The motorcycles - two Harleys and a Victory - rumbled into a local Krispy Kreme parking lot.
Jared Davis, Britt Anderson and Tim Thompson, Army veterans and members of the Warrior Brotherhood Veterans Motorcycle Club, dismounted and entered the business.
Bikers having donuts - there's a picture for you.
Polite and well spoken, these men and the 11 other members of Chapter C of the club work hard throughout the Tacoma area to promote the message of taking care of veterans who face difficult times.
"There are a lot of vets in the community, and we want to continue to take care and support our own," said Anderson, the chapter vice president. "We are a brotherhood, and we take care of each other."
A 501 (C) 3 nonprofit organization, Chapter C of the Warrior Brotherhood Veterans Motorcycle Club is comprised of military veterans and active duty personnel from all branches of service in the Western Washington area who come together to help other veterans.
"Ironically, our chapter is all Army," Thompson, chapter president, said with a grin. "But I emphasize that we are open to all Servicemembers."
The Warrior Brotherhood Veterans Motorcycle Club is 15 years old and has chapters in all 50 states and in three countries.
Of special interest to Chapter C and its members is the plight of homeless veterans in Pierce County. "Thirty seven percent of homeless people in Washington State are veterans," Davis said. "In Pierce County, 19 percent of the homeless are veterans."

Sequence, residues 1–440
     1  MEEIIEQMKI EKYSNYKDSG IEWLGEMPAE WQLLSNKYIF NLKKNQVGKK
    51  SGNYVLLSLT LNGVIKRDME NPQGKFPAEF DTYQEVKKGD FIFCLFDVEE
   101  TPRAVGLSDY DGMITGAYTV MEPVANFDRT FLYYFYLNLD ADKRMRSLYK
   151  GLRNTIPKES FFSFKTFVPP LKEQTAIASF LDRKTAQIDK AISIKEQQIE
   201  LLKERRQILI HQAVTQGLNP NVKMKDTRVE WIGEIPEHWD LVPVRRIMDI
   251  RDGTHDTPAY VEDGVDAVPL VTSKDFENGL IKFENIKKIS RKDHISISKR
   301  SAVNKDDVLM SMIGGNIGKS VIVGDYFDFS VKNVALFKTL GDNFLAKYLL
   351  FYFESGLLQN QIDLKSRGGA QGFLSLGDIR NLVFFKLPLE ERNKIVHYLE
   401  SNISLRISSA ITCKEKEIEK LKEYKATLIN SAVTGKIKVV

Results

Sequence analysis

To address this problem, the club holds fundraisers to provide needed items for homeless veterans who are receiving substance abuse treatment or housing assistance at the American Lake Homeless Veterans Transition Center, Thompson explained.
Once a month, members of the local chapter travel to the American Lake facility to deliver everything from hygiene items to clothes and blankets.
"The veterans there are in a 16-week program," Anderson explained. "We ask them ‘What do you need?'"
All three veterans said that getting clothes for the veterans is easy, but raising funds is tougher. "Sometimes the public sees us as ‘bikers,'" Thompson said. "We are not; we are veterans who happen to like motorcycles."
The distinction is worth noting.
In its efforts to raise money for and awareness about veterans, the club manages to raise about $5,000 per year.
"We're glad to be able to raise this amount, all of which - every bit - goes to helping veterans," Anderson emphasized. "But we could really use more to help the men and women who have served and who now face some tough challenges."
The club is promoting several upcoming events, including a "Back Wood Tripping" Ride on June 16, its third annual bike show on July 7 and an American Lake Veterans Administration Run on Aug. 11.
"Everyone is invited to participate and give back to those who really need it," Thompson said.
To help the Warrior Brotherhood Veterans Motorcycle Club or to learn more about upcoming events, email email@example.com or call (253) 597-8415.